Balcombe Creek Estuary Boardwalk
16A Mirang Avenue, Mount Martha, 5kms
A wooden boardwalk and walking tracks run through the Mount Martha bushland along the south bank of the estuary from the Esplanade to the Nepean Highway. The Estuary is home to numerous species of flora and fauna.
Walk east through a vehicle gate following the main pedestrian trail which starts as a wide gravelled surface before becoming better defined and eventually turns into a boardwalk. The track divides at a number of points but you should follow the marker posts to ‘The Briars’ (or once or twice ‘The Boardwalk’). There are minor diversions to decks and viewing points on the Creek and the occasional person fishing.
After two kilometres, you will emerge briefly into a small informal car park and then turn left immediately to rejoin the foot track and then cross over a bridge over the creek. You then emerge onto a rough vehicle track and turn right for 150m before veering off back onto the foot track and back across the river. You will pass an off-leash dog area on your right before arriving at the Nepean Highway.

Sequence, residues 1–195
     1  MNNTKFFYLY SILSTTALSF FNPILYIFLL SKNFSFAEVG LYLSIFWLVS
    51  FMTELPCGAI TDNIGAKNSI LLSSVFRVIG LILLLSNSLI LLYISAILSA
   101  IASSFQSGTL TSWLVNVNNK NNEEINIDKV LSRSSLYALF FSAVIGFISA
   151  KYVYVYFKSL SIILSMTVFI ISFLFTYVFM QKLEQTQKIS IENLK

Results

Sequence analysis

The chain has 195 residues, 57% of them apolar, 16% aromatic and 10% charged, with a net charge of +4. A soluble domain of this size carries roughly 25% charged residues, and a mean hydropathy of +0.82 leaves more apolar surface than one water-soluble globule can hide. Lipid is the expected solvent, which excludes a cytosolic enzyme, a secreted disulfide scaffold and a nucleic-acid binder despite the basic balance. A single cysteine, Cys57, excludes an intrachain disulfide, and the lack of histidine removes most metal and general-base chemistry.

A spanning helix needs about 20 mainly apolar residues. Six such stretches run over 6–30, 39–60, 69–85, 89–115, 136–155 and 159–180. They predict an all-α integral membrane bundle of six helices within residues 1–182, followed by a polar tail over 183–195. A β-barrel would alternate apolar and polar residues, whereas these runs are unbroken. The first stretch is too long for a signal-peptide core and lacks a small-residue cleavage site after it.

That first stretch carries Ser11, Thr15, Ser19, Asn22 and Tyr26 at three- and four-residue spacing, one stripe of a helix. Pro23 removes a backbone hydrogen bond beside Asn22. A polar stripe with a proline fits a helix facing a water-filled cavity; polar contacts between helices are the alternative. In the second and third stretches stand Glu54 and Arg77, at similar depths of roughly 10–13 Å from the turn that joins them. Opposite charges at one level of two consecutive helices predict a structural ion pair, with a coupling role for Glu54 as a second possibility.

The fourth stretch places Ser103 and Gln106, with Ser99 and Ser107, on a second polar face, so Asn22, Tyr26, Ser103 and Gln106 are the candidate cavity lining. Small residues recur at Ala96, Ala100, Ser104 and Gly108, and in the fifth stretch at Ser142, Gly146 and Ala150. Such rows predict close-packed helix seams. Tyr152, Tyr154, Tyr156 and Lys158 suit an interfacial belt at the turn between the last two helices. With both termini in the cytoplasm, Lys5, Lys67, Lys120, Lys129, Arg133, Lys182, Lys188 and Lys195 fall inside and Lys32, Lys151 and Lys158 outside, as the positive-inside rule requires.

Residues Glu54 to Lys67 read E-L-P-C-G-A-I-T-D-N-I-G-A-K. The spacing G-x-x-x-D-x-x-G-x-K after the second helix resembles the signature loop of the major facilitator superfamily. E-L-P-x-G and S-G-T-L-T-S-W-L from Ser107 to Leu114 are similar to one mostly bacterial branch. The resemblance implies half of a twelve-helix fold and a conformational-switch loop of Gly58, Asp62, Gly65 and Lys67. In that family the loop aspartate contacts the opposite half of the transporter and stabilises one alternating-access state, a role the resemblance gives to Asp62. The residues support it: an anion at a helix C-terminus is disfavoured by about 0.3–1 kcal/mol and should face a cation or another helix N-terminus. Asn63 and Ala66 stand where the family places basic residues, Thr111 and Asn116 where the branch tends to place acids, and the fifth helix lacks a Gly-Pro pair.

Here you can return to the start, or follow the trail under the Nepean Highway Bridge and into The Briars Park for additional walking tracks.
The Boonwurrung/Bunurong members of the Kulin Nation, the Mornington Peninsula’s traditional owners, called the Balcombe Creek area Tji’tjin’garook – the voice of frogs.
Devilbend Reservoir Walking Tracks
170 Graydens Road, Moorooduc, 3kms
A haven for waterbirds and walkers, Devilbend Reserve comprises 422 hectares of native vegetation along with almost 250 hectares of water surface area. Devilbend can be explored by selected walking tracks. The trail system includes all‐ability access to the shoreline, viewing/fishing platforms and boardwalk. Dogs and other pets are not permitted.